...from the frankly plain insipid to the (almost) inspiring...
Five minutes in and, however good Halo get tonight, all anyone will remember come tomorrow is the oppressive, sweat-inducing 100 Club heat. When oh when will British venues drag themselves into this century and invest in air-conditioning? It’s hard enough as it is to figure out what Halo‘s masterplan is, even without equatorial temperature levels: they look impeccably indie – all tight t-shirts, blond tufts and eyeliner – but their sound swerves violently from the frankly plain insipid to the (almost) inspiring.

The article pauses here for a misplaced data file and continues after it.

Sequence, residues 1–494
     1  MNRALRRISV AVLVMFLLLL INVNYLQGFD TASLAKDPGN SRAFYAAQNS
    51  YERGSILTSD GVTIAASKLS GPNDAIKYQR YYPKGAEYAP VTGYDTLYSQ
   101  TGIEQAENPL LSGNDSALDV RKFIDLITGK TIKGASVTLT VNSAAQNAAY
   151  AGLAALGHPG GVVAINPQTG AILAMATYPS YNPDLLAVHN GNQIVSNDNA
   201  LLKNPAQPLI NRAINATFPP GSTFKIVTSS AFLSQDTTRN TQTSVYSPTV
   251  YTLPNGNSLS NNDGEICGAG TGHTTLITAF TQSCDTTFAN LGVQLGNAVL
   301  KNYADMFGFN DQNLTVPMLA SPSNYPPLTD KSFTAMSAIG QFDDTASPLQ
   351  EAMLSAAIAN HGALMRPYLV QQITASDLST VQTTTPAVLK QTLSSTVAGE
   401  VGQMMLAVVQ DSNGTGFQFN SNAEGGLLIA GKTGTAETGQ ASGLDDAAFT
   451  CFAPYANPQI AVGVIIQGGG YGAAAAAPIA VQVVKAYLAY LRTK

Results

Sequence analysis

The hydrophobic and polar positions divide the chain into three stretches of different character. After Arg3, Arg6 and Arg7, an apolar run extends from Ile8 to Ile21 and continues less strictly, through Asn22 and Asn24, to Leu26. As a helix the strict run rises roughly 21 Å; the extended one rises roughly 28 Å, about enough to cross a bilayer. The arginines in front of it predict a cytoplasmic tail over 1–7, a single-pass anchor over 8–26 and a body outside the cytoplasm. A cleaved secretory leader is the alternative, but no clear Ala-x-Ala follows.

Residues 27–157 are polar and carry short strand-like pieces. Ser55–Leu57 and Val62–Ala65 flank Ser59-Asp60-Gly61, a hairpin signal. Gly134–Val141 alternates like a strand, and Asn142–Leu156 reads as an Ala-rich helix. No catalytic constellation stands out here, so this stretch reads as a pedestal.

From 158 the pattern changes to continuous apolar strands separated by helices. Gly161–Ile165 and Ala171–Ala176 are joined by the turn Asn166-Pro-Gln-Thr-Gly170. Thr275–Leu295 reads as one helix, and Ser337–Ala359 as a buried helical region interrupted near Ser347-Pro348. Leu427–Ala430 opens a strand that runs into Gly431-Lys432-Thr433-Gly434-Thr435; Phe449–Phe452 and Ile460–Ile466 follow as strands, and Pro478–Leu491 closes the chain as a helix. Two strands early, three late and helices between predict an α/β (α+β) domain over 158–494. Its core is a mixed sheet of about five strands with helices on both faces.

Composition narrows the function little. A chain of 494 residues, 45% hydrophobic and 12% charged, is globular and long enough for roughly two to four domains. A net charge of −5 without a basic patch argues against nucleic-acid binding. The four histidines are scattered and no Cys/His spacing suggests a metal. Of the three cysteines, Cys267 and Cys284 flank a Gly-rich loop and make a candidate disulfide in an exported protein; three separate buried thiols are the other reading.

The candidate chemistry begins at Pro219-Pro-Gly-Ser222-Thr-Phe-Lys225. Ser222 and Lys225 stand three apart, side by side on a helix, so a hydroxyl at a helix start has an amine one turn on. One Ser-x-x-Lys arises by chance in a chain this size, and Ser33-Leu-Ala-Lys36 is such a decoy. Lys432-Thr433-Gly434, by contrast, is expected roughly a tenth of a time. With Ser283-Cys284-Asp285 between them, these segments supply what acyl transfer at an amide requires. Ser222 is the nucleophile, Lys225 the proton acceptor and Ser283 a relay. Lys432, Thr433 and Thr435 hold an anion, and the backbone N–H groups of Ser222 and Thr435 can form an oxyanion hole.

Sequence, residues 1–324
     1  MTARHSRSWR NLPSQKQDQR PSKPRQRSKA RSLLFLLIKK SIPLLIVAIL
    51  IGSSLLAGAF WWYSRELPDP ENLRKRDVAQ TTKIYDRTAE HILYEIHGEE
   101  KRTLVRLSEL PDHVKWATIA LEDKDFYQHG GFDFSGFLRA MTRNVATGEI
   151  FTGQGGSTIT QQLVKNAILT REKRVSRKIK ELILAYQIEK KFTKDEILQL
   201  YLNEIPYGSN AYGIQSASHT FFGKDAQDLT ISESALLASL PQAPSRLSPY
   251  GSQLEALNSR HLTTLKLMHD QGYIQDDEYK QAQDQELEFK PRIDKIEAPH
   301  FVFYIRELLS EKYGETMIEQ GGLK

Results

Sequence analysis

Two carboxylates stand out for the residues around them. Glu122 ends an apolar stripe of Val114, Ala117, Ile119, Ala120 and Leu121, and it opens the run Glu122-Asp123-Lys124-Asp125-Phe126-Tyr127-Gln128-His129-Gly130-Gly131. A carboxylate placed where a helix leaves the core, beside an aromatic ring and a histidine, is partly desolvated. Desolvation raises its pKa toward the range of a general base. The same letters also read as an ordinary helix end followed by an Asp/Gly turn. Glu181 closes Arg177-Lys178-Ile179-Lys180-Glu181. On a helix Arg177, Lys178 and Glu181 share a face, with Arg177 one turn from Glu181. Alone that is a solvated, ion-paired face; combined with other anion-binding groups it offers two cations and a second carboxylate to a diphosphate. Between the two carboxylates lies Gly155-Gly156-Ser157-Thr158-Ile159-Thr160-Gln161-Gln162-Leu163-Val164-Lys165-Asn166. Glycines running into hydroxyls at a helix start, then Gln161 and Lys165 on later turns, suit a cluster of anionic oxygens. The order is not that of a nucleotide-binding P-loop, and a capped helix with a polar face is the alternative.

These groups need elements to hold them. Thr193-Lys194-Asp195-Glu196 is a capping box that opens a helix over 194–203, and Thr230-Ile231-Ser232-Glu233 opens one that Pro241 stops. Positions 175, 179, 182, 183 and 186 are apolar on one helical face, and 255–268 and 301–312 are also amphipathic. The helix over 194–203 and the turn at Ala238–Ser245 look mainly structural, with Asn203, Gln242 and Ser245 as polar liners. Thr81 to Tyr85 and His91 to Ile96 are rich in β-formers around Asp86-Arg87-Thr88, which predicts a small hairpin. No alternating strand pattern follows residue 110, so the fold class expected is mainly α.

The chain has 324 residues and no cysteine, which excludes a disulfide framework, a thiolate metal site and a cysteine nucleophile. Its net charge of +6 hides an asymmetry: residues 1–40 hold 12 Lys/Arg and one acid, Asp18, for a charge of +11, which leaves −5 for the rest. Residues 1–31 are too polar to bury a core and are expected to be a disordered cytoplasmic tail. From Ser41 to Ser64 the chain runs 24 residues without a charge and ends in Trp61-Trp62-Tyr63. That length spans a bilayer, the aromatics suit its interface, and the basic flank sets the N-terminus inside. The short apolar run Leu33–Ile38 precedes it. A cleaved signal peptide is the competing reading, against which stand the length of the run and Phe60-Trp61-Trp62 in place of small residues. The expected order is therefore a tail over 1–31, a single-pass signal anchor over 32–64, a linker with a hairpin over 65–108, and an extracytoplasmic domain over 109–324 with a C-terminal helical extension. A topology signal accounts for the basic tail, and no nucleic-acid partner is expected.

On ‘Still Here’ and ‘Sanctimonious’, the tumbling guitars and freestyle falsetto vocals of Graeme Moncrieff (could the poor lad have a less rock n’ roll name?) are spectacular, nudging Halo on a path towards Muse-style greatness complete with squalling feedback and heroic rock postures. It’s just when they try and reign in their sound to deliver something with smoother edges and a more definite chorus, it all falls flat. Then the Bristol quartet sound like a band hedging their bets, refusing to commit to all-out metal pomposity for fear of alienating more delicate ears. It may make them more radio-friendly but the best thing Halo could do now is learn the art of no compromise. Then things should get really interesting.